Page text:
Parts of Speech

To compose any original statement and say it well is not a simple matter.  Besides competence in the written grammar and vocabulary of a language, you need to deliver the speech parts of your expressive message: the voice’s sound, the words articulated and composed in a fluid and grammatical way, and so the intent, the meaning.

You need the right sounds of voice, at the right volume for that place, delivered with the right timing.  Almost all successful people, Actors-Zookeepers, are good at communicating with convincing speech.  Practice can make anyone a better communicator.

Starting a conversation

Starting a conversation will be more successful if you find a location that is not in a doorway with movement of people, and where noises and music are not very loud.

To begin a conversation with a person you do not know, you can start by saying “Hello, my name is,” then say your name and make eye contact.  If you wait a moment, in most cases a person will reply with the same.  Then it is your turn, so you should be ready with a simple comment about the location or event.   At such a moment, an introduction, someone may offer a handshake.  Use the fingers-down, business handshake with a new person, giving the hand a short but firm squeeze.  (Fingers-up handshakes can be used between friends or teammates. High-fives are for some kind of victory.)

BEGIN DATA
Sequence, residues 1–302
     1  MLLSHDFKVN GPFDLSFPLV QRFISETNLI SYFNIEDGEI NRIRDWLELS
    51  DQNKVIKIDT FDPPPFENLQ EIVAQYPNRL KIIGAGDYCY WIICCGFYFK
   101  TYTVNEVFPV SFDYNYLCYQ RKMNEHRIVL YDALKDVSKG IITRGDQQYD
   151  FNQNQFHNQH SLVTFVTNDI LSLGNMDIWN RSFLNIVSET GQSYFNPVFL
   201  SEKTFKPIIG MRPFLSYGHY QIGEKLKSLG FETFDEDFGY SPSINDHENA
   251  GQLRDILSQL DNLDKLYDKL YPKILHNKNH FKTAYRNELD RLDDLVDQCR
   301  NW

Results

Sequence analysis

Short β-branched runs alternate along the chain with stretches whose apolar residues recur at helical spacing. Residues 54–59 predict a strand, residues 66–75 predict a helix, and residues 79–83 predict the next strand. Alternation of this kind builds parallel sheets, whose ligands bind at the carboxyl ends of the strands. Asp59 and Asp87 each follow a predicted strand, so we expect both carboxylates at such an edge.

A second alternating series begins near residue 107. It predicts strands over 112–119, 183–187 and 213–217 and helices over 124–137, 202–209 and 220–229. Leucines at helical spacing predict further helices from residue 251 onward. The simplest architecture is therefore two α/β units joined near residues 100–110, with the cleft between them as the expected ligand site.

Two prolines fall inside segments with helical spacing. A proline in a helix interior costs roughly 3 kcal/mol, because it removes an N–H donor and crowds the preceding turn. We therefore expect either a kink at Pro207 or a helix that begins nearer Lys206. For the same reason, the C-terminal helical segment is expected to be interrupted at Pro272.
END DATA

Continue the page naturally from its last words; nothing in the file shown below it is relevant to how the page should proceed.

In the U.S., distance from face-to-face should be around 18” if you are standing together.  If you are talking more softly and so leaning in together, it can be much closer.   You should lean in toward the other speakers to indicate you are in a conversation -and you are listening.

If you want someone to talk to you, you cannot be wearing earbuds and connected to a music player.  Earbuds are a signal that says ‘I am into my music here’.   If someone should signal that they want or need to talk to you, or if you want someone to talk to you, remove the earbuds.

So how much pronunciation emphasis (diction) is too much, or not enough?  I say you can never hear too much of the right sounds, but it is so easy to get too much of the wrong ones!  On the phone, missing phonemes is a frequent casualty of low fidelity in the audio waveform or headset.  If that happens, you should ask about the word you could not understand.

Since it is hard to make statements, it is equally hard to be a listener, to focus on hearing the speech against background noise, decoding input into expressive messages, then understanding the emotional implications.  By listening and replying with a statement that shows you understand, even if you don’t agree, a conversation can be extended beyond the opening moments.

To end a conversation you could lean back or in another direction, perhaps standing up or moving your body.  That cues the other speakers that you ending the conversation – Say something like it was good talking to you today! And move away.


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